Matt Archbold graduated from Saint Joseph’s University in 1995. He is a former journalist who left the newspaper business to raise his five children. He writes for the Creative Minority Report.
Proving that they've learned absolutely nothing from the scandal when they honored President Barack Obama in 2009, the University of Notre Dame recently honored former Indiana Gov. Joseph Kernan with one of its highest honors despite his public advocacy for the legalization of abortion.
The university honored Kernan with its 2018 Rev. Edward F. Sorin, C.S.C., Award, "in recognition of his significant contributions to the University of Notre Dame and his country," according to a press release from the university. While a politician, Kernan famously insisted that as a Catholic he was "personally opposed" to abortion but remained an advocate for keeping it legal. This line of thinking, of course, is absurd and immoral.
The honor for Kernan is at least partly fitting, because it was on the campus of Notre Dame that New York Governor Mario Cuomo established his indelible print on American politics and Catholicism by infamously promulgating the argument that a Catholic politician can, in good conscience, personally oppose abortion while politically fighting to establish its legality. The past three decades have borne the terrible fruit of that speech.
In a watershed moment for American Catholics, Cuomo didn't just attempt to create a space for Catholics to vote in favor of legalized abortion, but he went even further by accusing pro-life Catholics of “seeking to force our beliefs on others.” He said that forcing our views on abortion on others would be like forcing our views of premarital sex on others. Of course, this leaves out the victim of abortion, the unborn child.
On top of this, he also said Catholics’ diversity of opinion on abortion policy is essentially equivalent to Catholic diversity on issues such as military expenditures and education policy. So, Cuomo essentially laid out the enduring playbook for Catholic social justice warriors for the next few decades.
Of course, the university named for Our Lady also honored the newly elected President Barack Obama in 2009, despite his history of radically pro-abortion votes and his pledge to support abortion as president—a promise he upheld with gruesome distinction. It then honored Vice President Joe Biden, another defender of legal abortion, with its Laetare Medal. Kernan himself was the commencement speaker at Notre Dame back in 1998.
Moreover, Notre Dame seems to have exempted itself from Humanae Vitae. Just this year, the university announced that it would offer insurance coverage for contraception and abortifacients to employees, a policy it said was "based on Catholic principles." The same excuse of not “forcing our belief” on non-Catholic employees—employees of a Catholic institution—has been used by Notre Dame to justify its harmful policy.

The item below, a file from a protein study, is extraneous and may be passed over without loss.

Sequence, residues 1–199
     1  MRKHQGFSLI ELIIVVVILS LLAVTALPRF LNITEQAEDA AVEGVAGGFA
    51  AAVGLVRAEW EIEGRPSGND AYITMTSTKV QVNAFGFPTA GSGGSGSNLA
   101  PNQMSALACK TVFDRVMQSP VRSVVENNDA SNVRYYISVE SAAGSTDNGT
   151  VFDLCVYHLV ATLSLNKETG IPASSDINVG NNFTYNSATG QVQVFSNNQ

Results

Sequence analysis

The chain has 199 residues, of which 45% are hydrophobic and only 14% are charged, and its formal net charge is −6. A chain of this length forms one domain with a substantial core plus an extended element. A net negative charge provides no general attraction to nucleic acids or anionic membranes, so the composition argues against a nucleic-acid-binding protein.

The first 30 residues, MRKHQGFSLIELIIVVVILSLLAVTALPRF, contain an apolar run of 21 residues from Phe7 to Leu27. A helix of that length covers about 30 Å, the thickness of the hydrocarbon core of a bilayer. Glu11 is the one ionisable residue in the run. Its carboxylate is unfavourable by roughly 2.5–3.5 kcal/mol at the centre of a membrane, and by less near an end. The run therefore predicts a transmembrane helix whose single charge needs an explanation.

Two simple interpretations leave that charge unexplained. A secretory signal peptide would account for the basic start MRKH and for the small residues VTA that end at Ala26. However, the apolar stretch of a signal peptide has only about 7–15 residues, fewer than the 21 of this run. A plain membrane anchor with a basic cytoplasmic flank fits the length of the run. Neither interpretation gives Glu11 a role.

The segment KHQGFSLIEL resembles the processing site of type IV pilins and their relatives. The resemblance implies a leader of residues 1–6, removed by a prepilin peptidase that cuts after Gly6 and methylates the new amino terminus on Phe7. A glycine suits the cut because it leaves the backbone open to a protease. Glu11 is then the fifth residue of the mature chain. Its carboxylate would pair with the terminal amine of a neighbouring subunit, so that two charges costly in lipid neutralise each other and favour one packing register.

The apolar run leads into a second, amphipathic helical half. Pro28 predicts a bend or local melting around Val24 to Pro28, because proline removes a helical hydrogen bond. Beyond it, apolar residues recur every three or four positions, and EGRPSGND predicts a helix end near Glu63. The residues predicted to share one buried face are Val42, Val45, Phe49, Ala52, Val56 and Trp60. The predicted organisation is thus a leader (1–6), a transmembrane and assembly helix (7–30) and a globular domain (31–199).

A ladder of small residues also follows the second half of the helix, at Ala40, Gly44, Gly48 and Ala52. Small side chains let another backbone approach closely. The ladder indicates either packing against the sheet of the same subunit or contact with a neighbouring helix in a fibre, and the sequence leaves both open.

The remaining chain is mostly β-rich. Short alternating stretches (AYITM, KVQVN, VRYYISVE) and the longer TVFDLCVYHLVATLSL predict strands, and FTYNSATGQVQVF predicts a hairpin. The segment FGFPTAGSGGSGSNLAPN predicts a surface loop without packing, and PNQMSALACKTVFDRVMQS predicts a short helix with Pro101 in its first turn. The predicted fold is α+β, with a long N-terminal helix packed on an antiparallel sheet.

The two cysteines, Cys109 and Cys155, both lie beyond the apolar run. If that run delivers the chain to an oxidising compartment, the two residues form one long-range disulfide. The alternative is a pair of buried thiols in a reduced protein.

Amid that darkness, the honoring of Kernan who followed Cuomo's lead shouldn't be surprising in the least. It isn't, but it's still disappointing that Notre Dame hasn't realized its mistake thirty-plus years after the Cuomo debacle and nine years after the Obama spectacle.
In 2004, Kernan's high school alma mater, St. Joseph High School in South Bend, was forced by then-Bishop John M. D'Arcy to withdraw its invitation to Kernan to deliver a graduation speech, based on his policy statements on abortion. Bishop D'Arcy made clear at the time that Kernan's appearance contradicted the moral truths the school expected students to embrace.
Kernan, a Notre Dame graduate, served as mayor of South Bend and as lieutenant governor and governor of Indiana and consistently and publicly pronounced himself to support the legalization of abortion, despite realizing its immorality.
“We’re so proud to present this year’s Sorin Award to Joe Kernan,” said Dolly Duffy ’84, the executive director of the Notre Dame Alumni Association in a release. “Joe has been a loyal and devoted son of Notre Dame, and his dedication to serving others is a testament to the values the University strives to instill in its students and alumni.”
"Others" would presumably not include the unborn, their parents, the pro-life movement, and the Catholic Church.
While much of Kernan's life has been spent in creditable and even heroic activities—including time as prisoner of war in Vietnam, his work with the St. Joseph County Red Cross, and the Special Olympics—this honor sends a message to students, alumni, and Catholics around the country that the killing of the unborn is an issue of secondary importance that can be offset by other accomplishments.
There is something terribly amiss at Notre Dame which has caused it to obfuscate, violate, and ignore fundamental Catholic teaching on the dignity of human life, time and again. Please say a prayer for the university and its leaders that they will realize the error of their ways.